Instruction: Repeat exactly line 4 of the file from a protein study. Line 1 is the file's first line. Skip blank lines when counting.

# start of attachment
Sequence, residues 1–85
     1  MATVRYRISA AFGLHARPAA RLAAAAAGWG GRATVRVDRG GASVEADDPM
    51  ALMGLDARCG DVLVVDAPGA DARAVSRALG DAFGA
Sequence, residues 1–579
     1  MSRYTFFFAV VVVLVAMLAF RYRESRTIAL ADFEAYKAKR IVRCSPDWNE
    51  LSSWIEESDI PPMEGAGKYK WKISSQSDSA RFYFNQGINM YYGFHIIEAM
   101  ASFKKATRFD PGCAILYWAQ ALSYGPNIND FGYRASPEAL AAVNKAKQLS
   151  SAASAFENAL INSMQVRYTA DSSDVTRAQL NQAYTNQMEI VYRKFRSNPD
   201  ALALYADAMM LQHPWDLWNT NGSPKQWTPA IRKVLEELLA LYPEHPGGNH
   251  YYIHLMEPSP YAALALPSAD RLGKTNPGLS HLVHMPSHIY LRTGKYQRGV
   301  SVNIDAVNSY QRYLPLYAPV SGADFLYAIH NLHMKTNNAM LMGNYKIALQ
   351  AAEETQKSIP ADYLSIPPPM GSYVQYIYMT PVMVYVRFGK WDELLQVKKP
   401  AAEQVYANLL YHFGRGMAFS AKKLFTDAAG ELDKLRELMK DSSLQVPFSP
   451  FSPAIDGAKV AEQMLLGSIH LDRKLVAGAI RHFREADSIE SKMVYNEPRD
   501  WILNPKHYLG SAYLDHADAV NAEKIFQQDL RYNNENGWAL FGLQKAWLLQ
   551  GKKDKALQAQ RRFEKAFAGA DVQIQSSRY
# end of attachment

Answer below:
Sequence, residues 1–579